Not long ago most pallet companies did not even have a computer,
let alone a bar code tracking system. Things have changed
significantly in recent years. The personal computer is basically
standard equipment in the office of todays pallet
companies, and bar coding has begun to find its way into many
Unfortunately, bar coding has remained somewhat of a mystery
to most pallet plant and sawmill owners. You hear such
statements as, Chalk can accomplish the same effect,
or A simple to use system that does not even require
a personal computer. My favorite one is: You can
just go buy a scanner and design the system yourself.
To a certain extent, the above statements are true. If all
you need to do is provide a count for each employee, then
chalk, colored pins, Bingo Markers or paint are all you need.
You can implement a basic system or possibly create your own
if you have the knowledge. After all, bar coding is
not rocket science. The principle of bar coding is simple:
a laser differentiates the black bars from the white spaces
and sends a decoded message to a computer or device
that is smart enough to do something with it. The difference
is always in the software.
When bar coding was first introduced in the late 1970s for
supermarkets in the grocery industry, lets assume that
all the system did was provide a count. Again, you could
simply provide some sort of mark to identify the item. The
mark was the price tag. Before bar coding, the cashier would
type the amount from the price tag into a cash register to
tally an order. What was accomplished?
1. The cashier had the ability to know the price of the item
without having to call someone or look it up. This saved a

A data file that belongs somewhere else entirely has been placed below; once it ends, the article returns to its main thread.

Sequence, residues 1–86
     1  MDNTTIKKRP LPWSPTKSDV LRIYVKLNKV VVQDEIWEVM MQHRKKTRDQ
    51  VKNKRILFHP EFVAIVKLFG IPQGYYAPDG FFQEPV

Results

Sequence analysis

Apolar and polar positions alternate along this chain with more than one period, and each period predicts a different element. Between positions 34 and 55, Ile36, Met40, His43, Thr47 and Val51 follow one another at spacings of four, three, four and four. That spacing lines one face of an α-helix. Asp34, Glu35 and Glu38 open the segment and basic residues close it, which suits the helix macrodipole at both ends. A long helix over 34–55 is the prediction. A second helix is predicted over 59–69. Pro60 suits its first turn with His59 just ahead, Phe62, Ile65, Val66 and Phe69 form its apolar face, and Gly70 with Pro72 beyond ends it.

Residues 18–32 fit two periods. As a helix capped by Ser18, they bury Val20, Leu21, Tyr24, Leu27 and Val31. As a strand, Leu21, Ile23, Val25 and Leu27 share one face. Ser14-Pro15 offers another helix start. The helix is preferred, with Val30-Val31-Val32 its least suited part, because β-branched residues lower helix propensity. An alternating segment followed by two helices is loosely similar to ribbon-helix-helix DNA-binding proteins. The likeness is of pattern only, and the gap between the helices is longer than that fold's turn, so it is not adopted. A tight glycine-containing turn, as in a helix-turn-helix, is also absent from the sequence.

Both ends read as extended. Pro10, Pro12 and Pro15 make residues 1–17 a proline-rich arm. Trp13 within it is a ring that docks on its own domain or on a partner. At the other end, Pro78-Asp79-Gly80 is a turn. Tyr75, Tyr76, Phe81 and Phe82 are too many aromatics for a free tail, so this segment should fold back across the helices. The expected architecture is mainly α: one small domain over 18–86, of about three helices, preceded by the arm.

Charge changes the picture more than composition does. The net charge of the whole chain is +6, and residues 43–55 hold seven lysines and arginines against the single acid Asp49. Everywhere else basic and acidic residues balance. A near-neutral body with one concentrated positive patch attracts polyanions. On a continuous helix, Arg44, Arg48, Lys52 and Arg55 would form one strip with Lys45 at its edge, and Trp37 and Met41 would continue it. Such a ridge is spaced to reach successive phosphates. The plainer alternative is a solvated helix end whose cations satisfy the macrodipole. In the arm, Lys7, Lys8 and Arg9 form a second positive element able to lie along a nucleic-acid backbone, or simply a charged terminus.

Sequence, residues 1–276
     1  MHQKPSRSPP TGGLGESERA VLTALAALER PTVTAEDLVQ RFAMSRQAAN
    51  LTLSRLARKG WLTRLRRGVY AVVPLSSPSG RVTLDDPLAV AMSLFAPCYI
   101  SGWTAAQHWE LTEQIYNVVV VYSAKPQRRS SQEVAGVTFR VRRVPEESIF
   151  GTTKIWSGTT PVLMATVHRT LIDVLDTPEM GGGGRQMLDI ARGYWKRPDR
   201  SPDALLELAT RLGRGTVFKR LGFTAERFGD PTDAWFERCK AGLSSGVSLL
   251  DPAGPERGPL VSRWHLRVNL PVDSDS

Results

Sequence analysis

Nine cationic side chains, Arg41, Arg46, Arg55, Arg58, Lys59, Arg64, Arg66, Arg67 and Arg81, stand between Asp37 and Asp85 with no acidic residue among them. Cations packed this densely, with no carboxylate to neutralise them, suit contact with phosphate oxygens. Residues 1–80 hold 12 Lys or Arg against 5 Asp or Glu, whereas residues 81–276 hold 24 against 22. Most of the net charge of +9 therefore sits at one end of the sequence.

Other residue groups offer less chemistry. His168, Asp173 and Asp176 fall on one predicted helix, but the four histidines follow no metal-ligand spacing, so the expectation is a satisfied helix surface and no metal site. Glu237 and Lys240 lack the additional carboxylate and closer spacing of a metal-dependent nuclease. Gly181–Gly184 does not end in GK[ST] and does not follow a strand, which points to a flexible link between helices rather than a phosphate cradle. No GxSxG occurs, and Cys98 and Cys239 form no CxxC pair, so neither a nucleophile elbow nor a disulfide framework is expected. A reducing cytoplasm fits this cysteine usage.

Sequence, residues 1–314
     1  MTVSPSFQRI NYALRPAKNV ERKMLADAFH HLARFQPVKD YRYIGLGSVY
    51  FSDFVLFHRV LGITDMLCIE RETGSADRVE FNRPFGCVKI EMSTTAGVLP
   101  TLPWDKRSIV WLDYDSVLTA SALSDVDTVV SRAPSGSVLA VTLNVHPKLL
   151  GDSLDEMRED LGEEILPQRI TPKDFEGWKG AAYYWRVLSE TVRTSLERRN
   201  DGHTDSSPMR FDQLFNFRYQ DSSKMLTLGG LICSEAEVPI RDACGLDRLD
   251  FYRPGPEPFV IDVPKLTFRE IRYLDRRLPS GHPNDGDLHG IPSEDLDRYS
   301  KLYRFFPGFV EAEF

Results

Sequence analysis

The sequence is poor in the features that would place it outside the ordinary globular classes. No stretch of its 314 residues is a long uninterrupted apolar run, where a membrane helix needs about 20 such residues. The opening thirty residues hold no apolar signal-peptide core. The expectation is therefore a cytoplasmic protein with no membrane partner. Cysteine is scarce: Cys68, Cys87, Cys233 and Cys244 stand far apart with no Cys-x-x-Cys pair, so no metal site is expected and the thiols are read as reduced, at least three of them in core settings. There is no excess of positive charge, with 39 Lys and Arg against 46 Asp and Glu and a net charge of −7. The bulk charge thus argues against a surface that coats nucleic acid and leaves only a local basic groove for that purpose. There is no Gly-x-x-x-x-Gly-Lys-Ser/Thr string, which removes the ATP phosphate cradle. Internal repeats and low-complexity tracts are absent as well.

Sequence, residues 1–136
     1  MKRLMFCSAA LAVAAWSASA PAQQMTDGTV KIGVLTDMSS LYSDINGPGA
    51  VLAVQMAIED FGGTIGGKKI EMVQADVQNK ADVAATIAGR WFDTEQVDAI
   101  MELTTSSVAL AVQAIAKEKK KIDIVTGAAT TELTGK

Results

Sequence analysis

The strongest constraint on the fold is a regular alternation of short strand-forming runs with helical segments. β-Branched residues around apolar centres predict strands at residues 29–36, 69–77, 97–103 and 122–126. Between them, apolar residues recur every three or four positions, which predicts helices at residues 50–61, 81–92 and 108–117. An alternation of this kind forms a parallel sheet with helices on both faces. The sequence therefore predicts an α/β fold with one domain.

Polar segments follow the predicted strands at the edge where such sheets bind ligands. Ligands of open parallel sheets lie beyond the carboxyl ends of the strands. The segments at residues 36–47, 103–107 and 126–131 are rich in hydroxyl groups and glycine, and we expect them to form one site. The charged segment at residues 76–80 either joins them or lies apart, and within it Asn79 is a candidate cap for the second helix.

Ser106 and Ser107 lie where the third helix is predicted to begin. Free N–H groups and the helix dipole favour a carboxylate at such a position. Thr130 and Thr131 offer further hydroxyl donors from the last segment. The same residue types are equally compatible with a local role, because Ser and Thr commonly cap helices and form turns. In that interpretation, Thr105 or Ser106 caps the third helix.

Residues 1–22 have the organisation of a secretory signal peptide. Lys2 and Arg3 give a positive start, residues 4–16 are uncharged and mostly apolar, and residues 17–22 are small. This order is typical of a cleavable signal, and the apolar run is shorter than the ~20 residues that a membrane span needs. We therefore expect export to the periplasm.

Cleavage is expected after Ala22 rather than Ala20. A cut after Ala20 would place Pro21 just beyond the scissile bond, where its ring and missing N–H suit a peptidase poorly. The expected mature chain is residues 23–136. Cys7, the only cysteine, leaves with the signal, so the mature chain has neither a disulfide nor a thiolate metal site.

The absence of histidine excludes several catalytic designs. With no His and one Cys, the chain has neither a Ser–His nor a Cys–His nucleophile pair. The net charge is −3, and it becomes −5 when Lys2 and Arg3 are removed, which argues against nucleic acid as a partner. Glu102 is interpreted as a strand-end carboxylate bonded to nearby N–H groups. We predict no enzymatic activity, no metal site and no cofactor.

tremendous amount of time.
2. The customer was able to verify the price paid and enjoyed
the convenience of moving through the checkout line more
quickly then before.
Benefits of Bar Code Tracking System
- Easily Change ProductValues, Piece Rates
- Improve EmployeeAccountability
- Adjust InventoryAutomYtically
- Reduce AcWountingProcedures
- Produce ComprehensiveReports
Some critics believed that bar coding would slow things
down in supermarkets. The customer would dislike the absence
of a price tag, and the system may be more prone to
Of course, the critics could not have been more wrong. In
fact, when bar coding was finally introduced, the following
advantages were immediately realized:
1. The cashier no longer had to search for a price tag that
may have been affixed in a different area each time it was
2. Since the bar code was printed directly on the item, it
was always in the same exact place, simplifying the search
3. The supermarket no longer had to contend with dishonest
customers placing a different price tag on the product and
trying to sneak it by at a less price.
4. There was no longer the chance of the cashier ringing
up the wrong price.
5. Price changes and items on sale no longer required a different
6. Checkout lines became shorter. In fact, even the customer